Marketing For Rough Times

March 24, 2009 at 4:28 pm Leave a comment

Marketing can often be a tricky and expensive venture for many small businesses. If you’re not careful, it can consume vast amounts of time and money without bring in the return on investment to make it worthwhile.  The problem with most marketing attempts by small business is not in the actual marketing methods being employed, but rather the implementation of them.  We’ve come up with a few steps to refocus your marketing efforts and help renew your lead-generation.

1. Identify Your Ideal Clients

Every small business has an idea of who their ideal clients would be.  If you don’t, you should.  This may include demographics, industry verticals, even company sizes.  Do your company a huge favor and write down the characteristics that make up your ideal clients.  Some market research might be helpful in this step.

Example:  A Gym will have several types of ideal clients depending on the services they want to promote.  If they want to push their personal trainer program, they’re ideal clients might be middle-aged men and women that are not currently in a fitness routine.

2. Target Your Recipients

Now that you know who you’re after, think about where they might be.  Do they commute? Are they homeowners? Can you utilize county or state records to determine specifically where they are located (This is a good resource for new homebuyers and new business listings)? The more specific you are in this step, the better.  The ultimate would be to have addresses, phone numbers or email address.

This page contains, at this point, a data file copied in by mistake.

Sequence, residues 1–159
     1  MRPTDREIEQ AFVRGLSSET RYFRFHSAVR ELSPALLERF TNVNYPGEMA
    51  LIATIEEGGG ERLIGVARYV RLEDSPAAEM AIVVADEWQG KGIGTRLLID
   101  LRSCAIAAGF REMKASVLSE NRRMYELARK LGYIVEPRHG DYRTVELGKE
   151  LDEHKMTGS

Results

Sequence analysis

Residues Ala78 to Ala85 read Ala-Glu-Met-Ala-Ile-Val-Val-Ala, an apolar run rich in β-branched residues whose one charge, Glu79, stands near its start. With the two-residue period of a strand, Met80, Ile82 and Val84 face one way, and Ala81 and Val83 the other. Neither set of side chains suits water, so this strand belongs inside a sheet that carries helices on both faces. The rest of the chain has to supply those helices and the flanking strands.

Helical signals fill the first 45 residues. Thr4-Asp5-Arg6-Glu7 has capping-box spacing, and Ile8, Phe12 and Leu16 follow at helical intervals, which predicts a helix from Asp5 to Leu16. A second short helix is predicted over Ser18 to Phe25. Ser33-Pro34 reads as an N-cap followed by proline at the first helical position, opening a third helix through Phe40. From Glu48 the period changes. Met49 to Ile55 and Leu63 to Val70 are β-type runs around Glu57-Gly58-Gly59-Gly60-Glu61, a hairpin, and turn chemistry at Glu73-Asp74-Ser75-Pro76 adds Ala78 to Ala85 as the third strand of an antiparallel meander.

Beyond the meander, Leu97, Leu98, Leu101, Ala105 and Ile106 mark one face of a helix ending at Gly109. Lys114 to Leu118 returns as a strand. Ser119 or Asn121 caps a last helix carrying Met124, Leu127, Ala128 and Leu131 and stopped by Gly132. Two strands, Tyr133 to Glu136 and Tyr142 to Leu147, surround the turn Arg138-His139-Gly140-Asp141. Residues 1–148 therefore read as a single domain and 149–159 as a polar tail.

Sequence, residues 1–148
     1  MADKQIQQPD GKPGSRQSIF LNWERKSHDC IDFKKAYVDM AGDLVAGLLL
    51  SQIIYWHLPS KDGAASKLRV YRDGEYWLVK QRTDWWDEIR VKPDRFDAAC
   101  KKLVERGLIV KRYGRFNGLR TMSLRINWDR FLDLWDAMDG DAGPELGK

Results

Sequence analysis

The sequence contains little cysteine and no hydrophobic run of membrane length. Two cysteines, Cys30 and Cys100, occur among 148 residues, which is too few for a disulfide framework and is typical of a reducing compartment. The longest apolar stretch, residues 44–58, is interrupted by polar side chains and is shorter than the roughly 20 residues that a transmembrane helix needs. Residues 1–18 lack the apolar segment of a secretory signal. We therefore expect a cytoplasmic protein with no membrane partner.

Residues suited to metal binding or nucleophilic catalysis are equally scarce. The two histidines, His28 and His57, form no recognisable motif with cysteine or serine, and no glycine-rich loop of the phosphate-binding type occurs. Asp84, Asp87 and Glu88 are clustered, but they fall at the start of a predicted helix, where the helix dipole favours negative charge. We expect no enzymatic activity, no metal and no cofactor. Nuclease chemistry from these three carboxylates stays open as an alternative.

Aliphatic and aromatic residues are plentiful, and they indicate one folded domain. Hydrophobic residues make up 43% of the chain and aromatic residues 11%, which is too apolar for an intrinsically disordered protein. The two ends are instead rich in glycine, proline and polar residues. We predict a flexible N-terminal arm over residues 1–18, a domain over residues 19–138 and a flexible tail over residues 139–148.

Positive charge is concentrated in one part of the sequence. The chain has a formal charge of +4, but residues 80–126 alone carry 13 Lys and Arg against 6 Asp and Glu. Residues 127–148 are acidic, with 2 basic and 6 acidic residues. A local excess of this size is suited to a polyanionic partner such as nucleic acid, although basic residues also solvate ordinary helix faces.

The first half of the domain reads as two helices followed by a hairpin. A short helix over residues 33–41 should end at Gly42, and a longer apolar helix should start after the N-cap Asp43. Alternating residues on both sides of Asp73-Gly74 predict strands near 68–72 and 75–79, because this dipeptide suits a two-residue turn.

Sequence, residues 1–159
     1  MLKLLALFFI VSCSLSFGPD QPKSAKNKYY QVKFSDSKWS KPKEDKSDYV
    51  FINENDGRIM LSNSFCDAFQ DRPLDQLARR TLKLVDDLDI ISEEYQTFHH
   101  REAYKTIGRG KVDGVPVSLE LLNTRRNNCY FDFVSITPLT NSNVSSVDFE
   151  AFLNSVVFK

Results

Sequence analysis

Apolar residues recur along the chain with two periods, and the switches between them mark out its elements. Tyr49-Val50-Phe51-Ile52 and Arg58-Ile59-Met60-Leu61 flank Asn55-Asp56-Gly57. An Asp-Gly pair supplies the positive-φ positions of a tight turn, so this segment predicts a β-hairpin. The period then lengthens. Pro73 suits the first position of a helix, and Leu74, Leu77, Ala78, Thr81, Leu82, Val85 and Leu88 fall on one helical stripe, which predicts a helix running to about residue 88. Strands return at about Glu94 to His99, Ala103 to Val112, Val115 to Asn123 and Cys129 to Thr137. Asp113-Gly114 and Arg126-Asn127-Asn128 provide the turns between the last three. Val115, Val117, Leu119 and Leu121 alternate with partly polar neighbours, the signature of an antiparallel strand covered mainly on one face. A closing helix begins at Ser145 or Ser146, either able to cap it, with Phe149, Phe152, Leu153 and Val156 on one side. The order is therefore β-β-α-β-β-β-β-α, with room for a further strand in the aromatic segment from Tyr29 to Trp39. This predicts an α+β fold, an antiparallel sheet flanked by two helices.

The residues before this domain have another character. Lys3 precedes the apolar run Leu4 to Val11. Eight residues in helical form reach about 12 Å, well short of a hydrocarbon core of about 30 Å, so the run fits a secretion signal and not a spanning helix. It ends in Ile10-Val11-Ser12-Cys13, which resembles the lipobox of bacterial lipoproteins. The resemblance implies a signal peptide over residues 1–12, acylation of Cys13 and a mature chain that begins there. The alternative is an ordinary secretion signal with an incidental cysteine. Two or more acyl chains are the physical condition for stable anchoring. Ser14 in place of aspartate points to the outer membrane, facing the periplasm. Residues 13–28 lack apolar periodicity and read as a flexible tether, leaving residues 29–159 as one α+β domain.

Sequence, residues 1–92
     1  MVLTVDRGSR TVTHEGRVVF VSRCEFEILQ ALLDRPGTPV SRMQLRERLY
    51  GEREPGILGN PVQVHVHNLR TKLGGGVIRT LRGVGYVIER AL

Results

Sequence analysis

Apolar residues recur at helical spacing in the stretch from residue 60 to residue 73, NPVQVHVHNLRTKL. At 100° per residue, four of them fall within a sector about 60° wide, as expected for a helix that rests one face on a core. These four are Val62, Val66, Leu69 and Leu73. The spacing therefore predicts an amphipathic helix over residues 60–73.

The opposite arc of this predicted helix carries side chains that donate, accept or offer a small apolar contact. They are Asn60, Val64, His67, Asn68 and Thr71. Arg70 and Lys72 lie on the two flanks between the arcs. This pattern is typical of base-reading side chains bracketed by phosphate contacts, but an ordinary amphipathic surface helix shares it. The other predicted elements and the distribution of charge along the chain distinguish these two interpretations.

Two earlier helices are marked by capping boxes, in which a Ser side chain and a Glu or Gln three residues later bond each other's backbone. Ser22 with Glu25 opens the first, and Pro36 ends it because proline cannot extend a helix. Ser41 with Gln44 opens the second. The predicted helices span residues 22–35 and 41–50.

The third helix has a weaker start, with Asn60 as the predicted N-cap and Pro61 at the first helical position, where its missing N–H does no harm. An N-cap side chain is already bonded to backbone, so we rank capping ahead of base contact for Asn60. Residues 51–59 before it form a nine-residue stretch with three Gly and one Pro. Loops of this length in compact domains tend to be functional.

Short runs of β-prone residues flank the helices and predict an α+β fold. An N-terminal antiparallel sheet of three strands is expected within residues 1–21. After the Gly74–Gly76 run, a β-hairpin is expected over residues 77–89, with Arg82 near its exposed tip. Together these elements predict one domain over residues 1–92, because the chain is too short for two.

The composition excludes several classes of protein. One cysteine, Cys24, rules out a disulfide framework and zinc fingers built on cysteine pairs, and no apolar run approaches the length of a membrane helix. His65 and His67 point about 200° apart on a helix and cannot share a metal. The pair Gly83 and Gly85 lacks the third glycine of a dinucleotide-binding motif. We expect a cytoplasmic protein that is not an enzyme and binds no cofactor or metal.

Example:  If you’re selling commercial insurance, one of your ideal clients might be automotive repair shops.  You can easily get a list of a few hundred of these by checking out your local yellow pages or jumping on the internet.  This should give you both address and phone number – jackpot!

3. Tailor Your Message

When thinking about what to say to your ideal clients, don’t just regurgitate your marketing materials.  Make it about them.  Put yourself into their shoes and think about how your services might be able to help them.  Keep in mind the everyday worries and issues that they deal with tap into the human truth behind them.  Note that they are getting along fine without you now, so you need to prove to them how your services or products will solve a problem, enhance their life or do more than another product they currently use.

Example:  One of our clients, an indoor inflatable park for kids based in Northern Virginia, was placing an ad in a local newspaper.  Knowing that they were targeting mothers of young children, we tapped into the motherly instinct of wanting to encourage playfulness, both mentally and physically, in their kids.  The headline read “Let Their Imagination Run Wild”.  The ad, with coupon had over a 20% return rate.

4. Build Your Relationships

This step is probably the most crucial and the most often overlooked.  Too many small business are centered on themselves, when they should be centered on their clients and customers.  Keep in mind that people are more likely to go out of their way to use your services or purchase your products if they know you, like you and trust you.  Use every opportunity you can to let your clients know who is behind the company.  As a small business, you have the unique ability that larger companies don’t, to let your clients know that when they use your company, they are supporting neighbors, communities and like-minded individuals.

Example: A boutique dog shop offers free home-made treats to any and all dogs that enter the store.  The owners of the shop make it a point to share the recipe with those interested in order to foster goodwill around their brand even though they sell the same treats in the store.


Entry filed under: marketing tips.

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